I’ve recently been contacted by a company who is reviewing their RN understanding of delegation and direction especially when working with unregulated staff. I thought I would discuss this topic today because it is something, Registered Nurses need to be mindful of and our responsibilities around this. I wonder how many of us have been on to the NZNC to review what our responsibilities are around delegation and direction?
The NZ Nursing Council describes delegation and direction as follows:
- Delegation is the transfer of responsibility for the performance of an activity from one person to another with the former retaining accountability for the outcome.
- Direction is the active process of guiding, monitoring and evaluating the nursing activities performed by another.
While it might be easy to delegate a responsibility, how do you really know the level of knowledge of the person you are delegating to? We are all good at assuming that a person knows, BUT how do we know? Have you monitored or evaluated the person to ensure they have the knowledge and skill to do the job because ultimately you are responsible for the care being delivered? This 3 min video explains it really well
The problem I see is with the amount of paperwork and the physical workload that is now the responsibility of the Registered Nurse. It can become very easy to delegate a job assuming the person knows what to do but lacking the time to monitor and evaluate the caregiver/support worker.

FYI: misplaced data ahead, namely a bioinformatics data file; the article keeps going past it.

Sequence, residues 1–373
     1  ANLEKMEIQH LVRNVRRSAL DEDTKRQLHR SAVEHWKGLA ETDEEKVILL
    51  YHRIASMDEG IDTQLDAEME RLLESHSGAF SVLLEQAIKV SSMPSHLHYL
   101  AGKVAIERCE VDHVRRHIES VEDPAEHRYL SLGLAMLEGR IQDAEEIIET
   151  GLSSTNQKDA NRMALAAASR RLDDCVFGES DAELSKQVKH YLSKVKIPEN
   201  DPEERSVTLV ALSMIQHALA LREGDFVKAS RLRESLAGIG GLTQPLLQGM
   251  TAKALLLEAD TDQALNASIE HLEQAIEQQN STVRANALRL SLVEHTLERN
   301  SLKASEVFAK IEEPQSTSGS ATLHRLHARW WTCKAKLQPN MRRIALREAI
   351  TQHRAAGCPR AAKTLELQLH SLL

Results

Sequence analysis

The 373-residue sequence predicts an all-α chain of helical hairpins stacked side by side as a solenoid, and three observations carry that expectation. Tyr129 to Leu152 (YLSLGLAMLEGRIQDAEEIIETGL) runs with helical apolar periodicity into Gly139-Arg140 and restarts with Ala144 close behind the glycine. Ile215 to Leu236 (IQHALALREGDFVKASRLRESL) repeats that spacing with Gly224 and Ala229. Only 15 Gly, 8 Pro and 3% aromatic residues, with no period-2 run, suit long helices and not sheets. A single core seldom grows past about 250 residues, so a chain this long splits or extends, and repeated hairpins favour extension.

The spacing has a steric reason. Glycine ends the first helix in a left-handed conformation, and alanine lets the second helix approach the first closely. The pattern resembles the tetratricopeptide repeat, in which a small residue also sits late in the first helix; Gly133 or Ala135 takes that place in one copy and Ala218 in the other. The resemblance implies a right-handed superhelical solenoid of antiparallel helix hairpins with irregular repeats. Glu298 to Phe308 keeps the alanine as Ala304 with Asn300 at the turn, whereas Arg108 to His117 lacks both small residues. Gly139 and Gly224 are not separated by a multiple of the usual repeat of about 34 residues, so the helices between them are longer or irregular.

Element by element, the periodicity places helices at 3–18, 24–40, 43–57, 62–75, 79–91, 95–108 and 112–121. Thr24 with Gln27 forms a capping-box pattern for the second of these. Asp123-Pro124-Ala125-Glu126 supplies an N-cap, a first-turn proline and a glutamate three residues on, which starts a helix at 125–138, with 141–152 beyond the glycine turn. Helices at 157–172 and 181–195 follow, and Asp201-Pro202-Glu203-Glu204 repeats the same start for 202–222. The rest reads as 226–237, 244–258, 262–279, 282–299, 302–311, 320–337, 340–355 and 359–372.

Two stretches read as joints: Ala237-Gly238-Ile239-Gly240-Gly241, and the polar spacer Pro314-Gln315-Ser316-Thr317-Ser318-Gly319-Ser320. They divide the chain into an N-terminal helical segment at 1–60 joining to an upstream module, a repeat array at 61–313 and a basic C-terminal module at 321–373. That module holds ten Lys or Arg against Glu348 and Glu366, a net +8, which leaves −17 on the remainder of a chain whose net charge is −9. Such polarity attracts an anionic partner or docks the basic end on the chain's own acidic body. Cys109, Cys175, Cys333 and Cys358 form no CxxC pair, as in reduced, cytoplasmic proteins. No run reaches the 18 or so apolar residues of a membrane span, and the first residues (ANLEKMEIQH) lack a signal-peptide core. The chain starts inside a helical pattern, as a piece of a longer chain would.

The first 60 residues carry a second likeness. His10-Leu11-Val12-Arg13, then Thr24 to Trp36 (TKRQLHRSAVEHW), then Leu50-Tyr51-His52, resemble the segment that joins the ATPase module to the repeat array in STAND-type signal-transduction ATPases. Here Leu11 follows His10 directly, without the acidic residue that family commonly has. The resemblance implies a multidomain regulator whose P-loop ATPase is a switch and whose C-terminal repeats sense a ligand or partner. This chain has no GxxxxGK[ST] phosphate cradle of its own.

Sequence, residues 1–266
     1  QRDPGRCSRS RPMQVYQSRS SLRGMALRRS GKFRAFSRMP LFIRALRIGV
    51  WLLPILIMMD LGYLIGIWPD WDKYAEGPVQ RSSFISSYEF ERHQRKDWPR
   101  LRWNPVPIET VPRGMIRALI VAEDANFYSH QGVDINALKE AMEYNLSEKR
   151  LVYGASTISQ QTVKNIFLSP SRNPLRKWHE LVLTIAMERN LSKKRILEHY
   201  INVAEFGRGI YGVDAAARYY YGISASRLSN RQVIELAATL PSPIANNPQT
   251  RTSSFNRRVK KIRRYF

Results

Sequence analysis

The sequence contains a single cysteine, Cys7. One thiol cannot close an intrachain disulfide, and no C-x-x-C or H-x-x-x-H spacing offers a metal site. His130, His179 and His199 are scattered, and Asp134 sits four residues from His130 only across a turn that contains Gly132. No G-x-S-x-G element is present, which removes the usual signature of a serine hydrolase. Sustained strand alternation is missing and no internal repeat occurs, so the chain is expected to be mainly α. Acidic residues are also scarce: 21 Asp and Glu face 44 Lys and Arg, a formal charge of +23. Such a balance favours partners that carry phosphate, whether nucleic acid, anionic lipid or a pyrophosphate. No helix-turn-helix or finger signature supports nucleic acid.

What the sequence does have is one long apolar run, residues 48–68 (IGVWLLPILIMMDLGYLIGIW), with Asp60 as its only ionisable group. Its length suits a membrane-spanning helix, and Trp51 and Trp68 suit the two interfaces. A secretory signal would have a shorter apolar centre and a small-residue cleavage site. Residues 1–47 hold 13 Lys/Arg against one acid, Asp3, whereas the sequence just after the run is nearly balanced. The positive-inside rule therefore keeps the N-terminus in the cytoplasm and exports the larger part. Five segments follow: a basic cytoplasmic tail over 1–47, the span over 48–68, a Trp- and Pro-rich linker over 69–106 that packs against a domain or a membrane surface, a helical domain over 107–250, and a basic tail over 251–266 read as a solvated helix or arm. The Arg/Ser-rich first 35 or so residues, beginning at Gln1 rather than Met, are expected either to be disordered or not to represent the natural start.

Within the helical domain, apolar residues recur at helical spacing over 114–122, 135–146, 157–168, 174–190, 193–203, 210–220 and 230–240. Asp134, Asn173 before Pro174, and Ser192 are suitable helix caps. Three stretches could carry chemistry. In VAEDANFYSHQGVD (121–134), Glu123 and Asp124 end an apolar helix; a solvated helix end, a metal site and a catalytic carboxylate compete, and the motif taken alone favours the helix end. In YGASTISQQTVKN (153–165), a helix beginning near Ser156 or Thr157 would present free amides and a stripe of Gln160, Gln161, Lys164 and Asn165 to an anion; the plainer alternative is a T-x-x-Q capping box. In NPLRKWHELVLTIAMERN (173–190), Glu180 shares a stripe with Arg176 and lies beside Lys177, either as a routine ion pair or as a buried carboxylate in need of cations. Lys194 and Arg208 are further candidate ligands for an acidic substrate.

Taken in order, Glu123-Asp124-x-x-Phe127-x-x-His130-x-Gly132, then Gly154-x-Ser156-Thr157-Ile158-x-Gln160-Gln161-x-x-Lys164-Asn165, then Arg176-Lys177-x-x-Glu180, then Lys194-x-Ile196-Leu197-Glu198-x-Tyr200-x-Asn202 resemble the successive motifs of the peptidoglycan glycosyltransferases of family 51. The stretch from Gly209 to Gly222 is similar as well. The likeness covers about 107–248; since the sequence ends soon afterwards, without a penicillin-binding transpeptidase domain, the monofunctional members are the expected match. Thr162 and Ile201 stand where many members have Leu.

I can see how easily this can happen as I constantly see on the ‘Facebook platform New Zealand Please Hear Our Voice’, the stress that nurses are under with their workload. Many people work long hours, do not take breaks and get burnt out, so how are you going to give direction to the person you are delegating the task too? It can be tricky.
Even if a person has a Level 2, 3 or 4 qualification, can you be assured they are competent at carrying out the delegated task? Unfortunately, you can’t. So how are you going to ensure the person has the specific training?
One way to get them to do targeted training for the task or tasks they are going to do, online. For instance, if you are dealing with someone in the community who has a tracheostomy, get them to show proof of understanding tracheostomies online. The same goes for any ostomy, including PEG feeding. I know for instance, that on Care Training Online, I have a training module that comprehensively covers these topics. It’s not an NZQA Unit Standard, it’s practical training and understanding of the topic.
So, targeted training is one thing but how are you going to monitor and evaluate their competence so that you are assured they know what they are doing. So here lies the problem. Unfortunately, there’s no other way but to actively assess them doing the job because ultimately, you, the Registered Nurse, is responsible for the care they are delivering.
It’s a very tricky situation but the one thing you must do at all costs, is protect not only your good name but your Practicing Certificate as well. You must not compromise yourself in any way. While I cannot tell you how to do this, as each organisation is different, I can tell you that you have to be proactive and find a suitable way for you to delegate and direct safely so you can be confident the person delegated is delivering safe care.